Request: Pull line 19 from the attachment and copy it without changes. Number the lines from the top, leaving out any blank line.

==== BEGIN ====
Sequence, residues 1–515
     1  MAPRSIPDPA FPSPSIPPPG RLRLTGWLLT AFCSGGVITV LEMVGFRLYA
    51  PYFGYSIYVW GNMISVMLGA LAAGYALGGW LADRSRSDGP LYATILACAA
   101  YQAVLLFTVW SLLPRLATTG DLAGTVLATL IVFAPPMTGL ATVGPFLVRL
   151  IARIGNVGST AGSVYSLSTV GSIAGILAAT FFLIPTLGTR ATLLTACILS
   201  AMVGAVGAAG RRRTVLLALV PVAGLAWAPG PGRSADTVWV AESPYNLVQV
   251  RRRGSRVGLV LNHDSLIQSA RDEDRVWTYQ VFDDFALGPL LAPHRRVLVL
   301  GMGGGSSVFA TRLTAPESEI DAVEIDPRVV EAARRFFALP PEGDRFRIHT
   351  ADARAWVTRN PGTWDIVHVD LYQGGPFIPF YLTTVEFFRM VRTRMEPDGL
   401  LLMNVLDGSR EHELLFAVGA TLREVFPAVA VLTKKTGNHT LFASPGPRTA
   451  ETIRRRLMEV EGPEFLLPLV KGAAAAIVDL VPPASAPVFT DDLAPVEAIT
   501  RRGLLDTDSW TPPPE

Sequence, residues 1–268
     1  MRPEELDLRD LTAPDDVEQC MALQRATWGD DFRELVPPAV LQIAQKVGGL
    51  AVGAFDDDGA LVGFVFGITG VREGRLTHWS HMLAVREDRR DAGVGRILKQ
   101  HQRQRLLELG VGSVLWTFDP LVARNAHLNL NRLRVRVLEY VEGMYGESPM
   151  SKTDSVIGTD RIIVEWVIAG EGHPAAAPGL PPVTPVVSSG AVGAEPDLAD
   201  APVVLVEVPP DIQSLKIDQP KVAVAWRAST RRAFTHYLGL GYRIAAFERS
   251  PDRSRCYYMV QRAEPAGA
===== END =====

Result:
   251  PDRSRCYYMV QRAEPAGA